When people think of innovation, they often
The challenge for many organizations is that change is hard. According to a survey by Gartner, "The biggest threat to innovation is internal politics and an organizational culture which doesn’t accept failure, doesn’t accept ideas from outside, and/or cannot change." The barrier isn’t that people don’t have great ideas; its that there are roadblocks that prevent those ideas from being considered and enacted.
Rather than wait for people to come forward with ideas for positive change, smart leaders embrace the concept of crowdsourcing innovation by creating an environment where creativity and calculated risk-taking can flourish.
The first step is to get clarity about what innovation means and who is responsible for it. Folks need to be dissuaded of the notion that innovation occurs in the R & D department. People will be most successful in proposing changes to the status quo if they understand the overall objectives of the organization and how to align improvement work with those goals. The first step is to open up the conversation and develop a framework for discussion.
People will not participate in innovation if they perceive it to be a high-risk endeavor. It is important to take a hard look at how your organization handles failure. Are the downsides to trying something new too large compared to the potential rewards? Are new ideas ridiculed or easily dismissed? If so, people will reasonably hold back. Organizations in which people experiment and share ideas are those that have a high degree of trust and a history of positive responses to change. If yours isn’t there yet, start applauding any attempt at improvement and encouraging people to “fail forward.”
If the same minds are working on the same problem day after day, week after week, you are probably going to get the same results. Sometimes bringing in an outside perspective can “unstick” the dam of ideas and get people thinking about an issue in a new way. Breaking down the silos between teams by encouraging cross-functional collaboration and brainstorming is essential to getting all perspectives on the table.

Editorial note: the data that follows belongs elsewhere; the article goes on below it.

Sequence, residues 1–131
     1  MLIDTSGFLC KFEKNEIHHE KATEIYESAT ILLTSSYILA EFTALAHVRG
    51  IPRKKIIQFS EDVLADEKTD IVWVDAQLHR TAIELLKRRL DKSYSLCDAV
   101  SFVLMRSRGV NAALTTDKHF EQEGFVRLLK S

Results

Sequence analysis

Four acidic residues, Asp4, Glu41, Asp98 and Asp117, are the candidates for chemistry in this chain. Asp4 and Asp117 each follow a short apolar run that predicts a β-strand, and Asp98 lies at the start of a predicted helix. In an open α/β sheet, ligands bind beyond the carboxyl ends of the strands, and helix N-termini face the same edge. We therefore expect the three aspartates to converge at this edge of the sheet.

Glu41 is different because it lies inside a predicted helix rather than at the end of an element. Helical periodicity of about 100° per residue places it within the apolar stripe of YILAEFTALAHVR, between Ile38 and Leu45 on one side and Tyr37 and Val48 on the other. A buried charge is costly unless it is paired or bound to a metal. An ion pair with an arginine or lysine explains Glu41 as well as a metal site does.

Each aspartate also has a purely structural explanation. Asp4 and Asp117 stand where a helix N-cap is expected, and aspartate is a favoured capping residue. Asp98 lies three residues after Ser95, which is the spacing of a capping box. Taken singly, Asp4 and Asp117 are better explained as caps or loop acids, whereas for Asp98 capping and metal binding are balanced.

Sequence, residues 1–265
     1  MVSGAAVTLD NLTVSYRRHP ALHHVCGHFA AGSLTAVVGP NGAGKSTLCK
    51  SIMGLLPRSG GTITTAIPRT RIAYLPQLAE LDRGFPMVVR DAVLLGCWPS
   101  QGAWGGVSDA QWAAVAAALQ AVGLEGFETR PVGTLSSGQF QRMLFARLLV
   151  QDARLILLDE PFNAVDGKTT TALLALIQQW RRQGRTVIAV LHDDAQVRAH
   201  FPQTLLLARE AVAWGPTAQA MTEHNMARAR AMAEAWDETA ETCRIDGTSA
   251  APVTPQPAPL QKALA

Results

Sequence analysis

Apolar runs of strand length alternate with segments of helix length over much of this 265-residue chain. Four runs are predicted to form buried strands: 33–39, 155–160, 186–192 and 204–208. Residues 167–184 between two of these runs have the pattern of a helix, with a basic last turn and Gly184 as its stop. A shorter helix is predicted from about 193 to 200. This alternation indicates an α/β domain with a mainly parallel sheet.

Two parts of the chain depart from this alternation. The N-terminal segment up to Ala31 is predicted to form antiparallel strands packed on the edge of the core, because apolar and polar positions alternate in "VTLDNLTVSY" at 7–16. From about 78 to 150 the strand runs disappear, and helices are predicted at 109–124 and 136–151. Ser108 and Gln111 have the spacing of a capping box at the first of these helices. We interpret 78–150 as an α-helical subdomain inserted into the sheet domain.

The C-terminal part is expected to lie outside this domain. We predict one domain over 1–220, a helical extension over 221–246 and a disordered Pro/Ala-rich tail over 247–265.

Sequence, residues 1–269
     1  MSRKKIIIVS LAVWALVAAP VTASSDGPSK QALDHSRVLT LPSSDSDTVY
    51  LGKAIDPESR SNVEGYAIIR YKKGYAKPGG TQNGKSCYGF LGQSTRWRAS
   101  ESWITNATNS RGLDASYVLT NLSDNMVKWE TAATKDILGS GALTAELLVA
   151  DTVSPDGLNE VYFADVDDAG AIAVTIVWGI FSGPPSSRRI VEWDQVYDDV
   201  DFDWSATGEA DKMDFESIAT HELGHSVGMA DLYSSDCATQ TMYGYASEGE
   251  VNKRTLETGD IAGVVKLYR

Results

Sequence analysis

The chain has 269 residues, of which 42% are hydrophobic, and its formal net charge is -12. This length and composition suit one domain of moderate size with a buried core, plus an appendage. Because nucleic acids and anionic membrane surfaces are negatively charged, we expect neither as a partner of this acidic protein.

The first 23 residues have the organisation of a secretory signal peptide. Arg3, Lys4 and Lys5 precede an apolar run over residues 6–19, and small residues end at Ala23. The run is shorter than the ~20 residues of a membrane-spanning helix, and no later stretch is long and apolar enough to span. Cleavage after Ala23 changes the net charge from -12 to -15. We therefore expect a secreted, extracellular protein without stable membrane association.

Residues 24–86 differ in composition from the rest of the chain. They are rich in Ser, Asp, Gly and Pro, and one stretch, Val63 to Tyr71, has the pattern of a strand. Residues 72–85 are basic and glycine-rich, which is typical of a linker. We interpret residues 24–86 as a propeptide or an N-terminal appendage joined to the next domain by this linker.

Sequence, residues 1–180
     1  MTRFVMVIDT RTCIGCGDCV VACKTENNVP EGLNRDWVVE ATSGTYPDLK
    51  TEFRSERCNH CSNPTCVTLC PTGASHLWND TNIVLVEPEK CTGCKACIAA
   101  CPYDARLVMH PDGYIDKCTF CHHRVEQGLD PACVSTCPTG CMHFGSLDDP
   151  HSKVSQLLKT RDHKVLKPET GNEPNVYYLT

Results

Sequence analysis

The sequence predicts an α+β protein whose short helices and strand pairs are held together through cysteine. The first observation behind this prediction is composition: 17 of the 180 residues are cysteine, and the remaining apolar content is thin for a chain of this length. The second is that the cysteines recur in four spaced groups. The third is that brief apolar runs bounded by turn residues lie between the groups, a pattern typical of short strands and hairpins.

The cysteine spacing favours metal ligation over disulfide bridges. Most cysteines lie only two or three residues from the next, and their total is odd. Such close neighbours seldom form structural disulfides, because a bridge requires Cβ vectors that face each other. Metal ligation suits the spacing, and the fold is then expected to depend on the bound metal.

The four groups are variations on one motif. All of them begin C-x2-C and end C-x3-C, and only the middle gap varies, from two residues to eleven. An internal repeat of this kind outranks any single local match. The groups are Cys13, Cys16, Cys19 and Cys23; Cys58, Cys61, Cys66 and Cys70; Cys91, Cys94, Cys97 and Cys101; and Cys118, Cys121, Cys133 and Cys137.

“That’s just how we do it around here,” should never be a good enough reason to keep doing what’s always been done. With few exceptions, no “rule” is sacrosanct. One way to combat the tendency to keep the same old habits is to encourage people to ask lots of questions. The 5 Why’s is an excellent technique for digging into the reasons processes are what they are and potentially uncovering opportunities for improvement.
Crowdsourcing innovation requires a structure for collecting, assessing, and acting upon employee ideas for improvement. People will be much more likely to engage if they can see their ideas and those of their colleagues making an impact on the business. Innovation technology should make it possible for people to submit ideas from anywhere on any device. It should provide workflow capabilities to notify people when new opportunities are added or when tasks are due.
Your innovation software should make it easy to calculate the impact of positive change and support your effort to cement a culture of innovation by broadcasting successful improvement projects. People who contribute to positive change should be recognized and rewarded. Even projects that don’t ultimately result in improvement should be applauded, and every effort should be made to learn from the experience.
As Kevin O’Leary of Shark Tank fame likes to say, “Nobody has a monopoly on good ideas.” Your employees probably have some smart thoughts about how to get more out of your existing resources, bring products to a broader audience, improve visitor safety, and delight more customers. Why not capitalize on them all?